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US Business Leaders See Pockets of Opportunity in Africa

When the leaders of the world's seven largest industrial countries and Russia meet in Scotland this week for an annual summit, much of the discussion will focus on African development. American and African business leaders welcome the attention and hope it will attract new investment to the region.

The spotlight will be on Africa this week when British Prime Minister Tony Blair plays host to leaders from the world's seven-largest industrial countries and Russia. Mr. Blair, who commissioned a report on Africa's problems and potential, wants the rich nations to double the amount of aid they give to Africa and write off billions of dollars in debt.

American business leaders say they welcome the increased attention, but are quick to point out that while much of Africa remains mired in poverty and disease, there are pockets of opportunity.

Joseph Grandmaison, who sits on the board of directors of the Export-Import Bank of the United States, says American companies shouldn't be scared off by a conflict in one part of Africa.

"I tease friends by saying 'we're not very good at geography.' The fact is this is a gigantic continent and when you hear about one particular country having special challenges that doesn't mean that two countries over doesn't offer some spectacular economic opportunities," said Mr. Grandmaison.

Mr. Grandmaison gives the example of a company out of Lagos, Nigeria that has an American business partner, which the Export-Import bank helped with financing. The company sells a mobile telephone called "the Buddy Phone," which is 95 percent prepaid.

"Think about that. That's funding your business on someone else's money to say the least. Ninety-five percent prepaid with an average monthly bill of a $150. Think about it. An opportunity," he noted.

According to Mr. Grandmaison, telecommunications is just one sector where U.S. companies could make inroads. He says other potential investment opportunities include environmental technologies and engineering, project management, information technology and agriculture equipment.

"When you look at the AGOA, (African Growth and Opportunity Act) the best advantage that AGOA-eligible countries currently have is really in the area of agriculture where they can grow and ship to the United States, without the benefit of a tariff. To do that successfully they need irrigation equipment, they need more tractors and the like, so there's a great many openings in varied sectors," added Mr. Grandmaison.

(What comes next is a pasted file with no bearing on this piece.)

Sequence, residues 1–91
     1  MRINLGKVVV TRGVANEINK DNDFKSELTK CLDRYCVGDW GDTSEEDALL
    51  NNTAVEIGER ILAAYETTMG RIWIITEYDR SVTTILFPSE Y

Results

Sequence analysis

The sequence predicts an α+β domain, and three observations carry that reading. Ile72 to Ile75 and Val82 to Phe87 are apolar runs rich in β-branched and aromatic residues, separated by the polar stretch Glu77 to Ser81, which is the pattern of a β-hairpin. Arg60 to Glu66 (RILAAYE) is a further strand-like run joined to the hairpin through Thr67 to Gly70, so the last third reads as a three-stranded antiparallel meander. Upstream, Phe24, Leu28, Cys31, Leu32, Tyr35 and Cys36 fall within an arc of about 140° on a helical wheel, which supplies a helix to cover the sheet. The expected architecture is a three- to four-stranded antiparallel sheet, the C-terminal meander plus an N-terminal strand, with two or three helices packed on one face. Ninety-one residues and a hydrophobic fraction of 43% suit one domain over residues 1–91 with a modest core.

AGOA (the African Growth and Opportunity Act) was signed into law by President Clinton and renewed through 2015 by President Bush. In 2004, U.S. exports to the region grew by 25 percent from the previous year to $8.6 billion, while AGOA exports to the United States soared 88 percent over 2003 to $26.6 billion. Mr. Bush says his administration's efforts to expand trade between the United States and Africa are a key way to encourage reform and spur economic development.

Stephen Hayes is president of the Corporate Council on Africa, a business association whose members account for 80 percent of all direct U.S. investment in Africa. He applauds the G8's focus on Africa and says his group is committed to fostering U.S.-African trade ties.

"We've got to get a correct message out on Africa that it is open for business. There are many countries that are good investments and the American economy is losing out [by not investing]," said Mr. Hayes.

The Corporate Council on Africa recently sponsored a four-day U.S.-African business conference in Baltimore, Maryland that drew some two thousand participants. However, Mr. Hayes says while more and more businesses are joining the business association, so far U.S. investment in Africa hasn't increased significantly.

"So our challenge is still how to make that next leap, but I do see that there's hope," Mr. Hayes added.

Executives whose companies are investing in Africa cite several developments to justify that optimism, including an increase in public-private partnerships and expanded trade ties between Africa and the world.

John Watson, president of Chevron International Exploration and Production, says another positive step has been the steady growth in Africa's commitment to good governance.

"This past decade has seen a doubling in the number of African democracies," said Mr. Watson. "African nations have come together to support the extractive industries transparency initiative. Equally heartening, individual African nations have taken bold strides towards more openness, such as disclosing oil concession payments."

While Africa's oil and gas wealth is drawing new investors to the continent, many Africans worry that any increase in revenues will simply foster corruption as oil money has in the past.

But Chevron's John Watson, whose company plans to spend $15 billion over the next five years on energy projects in Africa, says his sector can play a constructive role in Africa's growth.

"The world's thirst for energy is opening the taps on a huge cash flow that when managed responsibly and ethically can mean more jobs for Africa, greater opportunities for African owned businesses, especially small businesses, and increased tax revenues for social programs," Mr. Watson explained.

While U.S. business executives acknowledge that formidable challenges remain for those who wish to do business with Africa, they see enormous potential in a continent which they say too long has been known for endemic poverty, rampant disease, corruption and warfare.